Stephen Kinzer is at it again. Something must have gone sour in his dealings with Turkey and behind the scene maneuvers with others that has forced him to write the article which most Turks will abhore. I don't see how anyone can see it as positive? After being very careful as to what he has written since his tenure in Istanbul as the NY Times Bureau Chief for four years in late 1990s and early 2000s, he has written the worst article on Turkey, ignoring years of new discoveries on the Armenian issue. If he had scanned the pages or even read a review of Sukru Aya's truthful book "The Genocide of Truth", he would not have bluntly stated that the "Ottoman Turkish Forces" slaughtered hundreds of thousands of Armenians in what is now eastern Turkey." Not the Ottomans, not the Turks but the Turkish forces who protected the Armenians during the re-location. I wonder if Kinzer considers the Kurds who did most of the killing other than those who died of sicknesses, as part of the Turkish forces?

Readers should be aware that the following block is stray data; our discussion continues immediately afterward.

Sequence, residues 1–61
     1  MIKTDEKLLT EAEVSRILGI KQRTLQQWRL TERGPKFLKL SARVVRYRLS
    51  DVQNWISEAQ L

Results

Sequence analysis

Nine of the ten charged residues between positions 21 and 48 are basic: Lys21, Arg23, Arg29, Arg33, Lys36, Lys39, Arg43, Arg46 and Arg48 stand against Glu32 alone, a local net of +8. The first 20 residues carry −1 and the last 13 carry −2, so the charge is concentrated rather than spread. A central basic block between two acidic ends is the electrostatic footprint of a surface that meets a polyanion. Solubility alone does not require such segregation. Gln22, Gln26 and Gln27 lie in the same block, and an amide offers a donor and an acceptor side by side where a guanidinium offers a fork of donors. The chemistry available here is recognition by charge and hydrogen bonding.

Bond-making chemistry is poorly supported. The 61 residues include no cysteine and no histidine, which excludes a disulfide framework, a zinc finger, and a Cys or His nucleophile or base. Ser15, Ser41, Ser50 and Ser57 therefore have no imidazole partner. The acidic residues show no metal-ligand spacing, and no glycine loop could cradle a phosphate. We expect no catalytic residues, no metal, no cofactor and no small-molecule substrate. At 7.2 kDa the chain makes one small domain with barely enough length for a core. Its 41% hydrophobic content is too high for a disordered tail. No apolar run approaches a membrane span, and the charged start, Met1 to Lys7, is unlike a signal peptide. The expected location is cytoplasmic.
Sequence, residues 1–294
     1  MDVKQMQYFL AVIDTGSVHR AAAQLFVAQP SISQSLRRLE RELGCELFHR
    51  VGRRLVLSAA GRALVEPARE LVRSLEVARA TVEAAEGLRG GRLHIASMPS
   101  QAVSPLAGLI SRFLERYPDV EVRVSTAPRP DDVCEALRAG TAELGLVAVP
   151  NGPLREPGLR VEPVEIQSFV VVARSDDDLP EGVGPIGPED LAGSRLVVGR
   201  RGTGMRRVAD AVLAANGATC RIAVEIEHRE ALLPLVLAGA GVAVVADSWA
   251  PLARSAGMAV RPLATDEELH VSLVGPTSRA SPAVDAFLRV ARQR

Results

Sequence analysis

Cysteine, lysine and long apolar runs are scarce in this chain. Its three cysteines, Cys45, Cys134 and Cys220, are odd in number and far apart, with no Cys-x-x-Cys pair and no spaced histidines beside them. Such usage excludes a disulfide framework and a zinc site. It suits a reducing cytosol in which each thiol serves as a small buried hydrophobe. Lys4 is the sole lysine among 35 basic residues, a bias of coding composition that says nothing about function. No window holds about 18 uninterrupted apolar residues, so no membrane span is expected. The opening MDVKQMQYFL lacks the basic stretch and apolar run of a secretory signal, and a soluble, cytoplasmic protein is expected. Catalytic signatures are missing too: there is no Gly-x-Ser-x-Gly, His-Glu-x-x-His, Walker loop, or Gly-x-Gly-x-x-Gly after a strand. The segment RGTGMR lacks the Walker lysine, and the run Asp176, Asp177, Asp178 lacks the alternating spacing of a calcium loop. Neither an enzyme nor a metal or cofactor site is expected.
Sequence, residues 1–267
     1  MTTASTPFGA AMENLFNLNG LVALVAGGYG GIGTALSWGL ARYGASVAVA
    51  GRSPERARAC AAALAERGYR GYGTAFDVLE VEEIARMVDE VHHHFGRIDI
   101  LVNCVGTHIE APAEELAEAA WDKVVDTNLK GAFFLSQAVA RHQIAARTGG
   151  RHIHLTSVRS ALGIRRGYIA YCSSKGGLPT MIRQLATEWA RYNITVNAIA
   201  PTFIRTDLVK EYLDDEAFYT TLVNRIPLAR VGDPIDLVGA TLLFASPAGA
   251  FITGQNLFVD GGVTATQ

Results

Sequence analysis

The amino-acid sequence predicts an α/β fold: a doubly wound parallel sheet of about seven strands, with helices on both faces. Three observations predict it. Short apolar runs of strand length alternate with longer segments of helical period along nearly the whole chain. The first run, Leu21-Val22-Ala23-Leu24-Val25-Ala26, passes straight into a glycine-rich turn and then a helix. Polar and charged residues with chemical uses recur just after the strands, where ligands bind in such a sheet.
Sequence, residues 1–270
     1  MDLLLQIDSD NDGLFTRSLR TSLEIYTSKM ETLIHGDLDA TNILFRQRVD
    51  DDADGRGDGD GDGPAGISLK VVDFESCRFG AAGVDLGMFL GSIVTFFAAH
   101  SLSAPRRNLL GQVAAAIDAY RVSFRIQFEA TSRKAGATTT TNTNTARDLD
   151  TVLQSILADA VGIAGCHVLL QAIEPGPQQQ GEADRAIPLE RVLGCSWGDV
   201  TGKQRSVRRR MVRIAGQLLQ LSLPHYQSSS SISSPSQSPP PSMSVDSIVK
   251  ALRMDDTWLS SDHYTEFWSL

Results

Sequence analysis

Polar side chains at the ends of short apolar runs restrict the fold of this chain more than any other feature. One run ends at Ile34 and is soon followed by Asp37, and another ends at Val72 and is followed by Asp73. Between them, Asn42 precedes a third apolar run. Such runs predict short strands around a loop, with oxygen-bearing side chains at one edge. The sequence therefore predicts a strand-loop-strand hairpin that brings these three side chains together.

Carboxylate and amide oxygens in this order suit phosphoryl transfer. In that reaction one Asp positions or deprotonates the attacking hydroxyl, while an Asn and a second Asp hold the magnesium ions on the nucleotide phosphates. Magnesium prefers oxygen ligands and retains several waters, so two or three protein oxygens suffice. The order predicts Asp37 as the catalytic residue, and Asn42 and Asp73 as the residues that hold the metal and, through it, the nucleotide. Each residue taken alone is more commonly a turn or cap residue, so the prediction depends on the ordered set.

First, Kinzer has picked the most anti-Turkish newspaper in the US to publish his article, the Boston Globe, which lost its mission and vision on foreign affairs after it was acquired by the NY Times. Articles by the Morgenthau's and other supporters of the Armenian cause never ceased to be published which I do not need go into (1).
Kinzer states that the opposition by the Diaspora Armenians to the Protocols is most bizarre neglecting the unreliability of the diaspora which has through different means has convinced 20 or so countries and 40 or so States pass resolution on the mythical genocide through their fabrications, distortions and out right lies.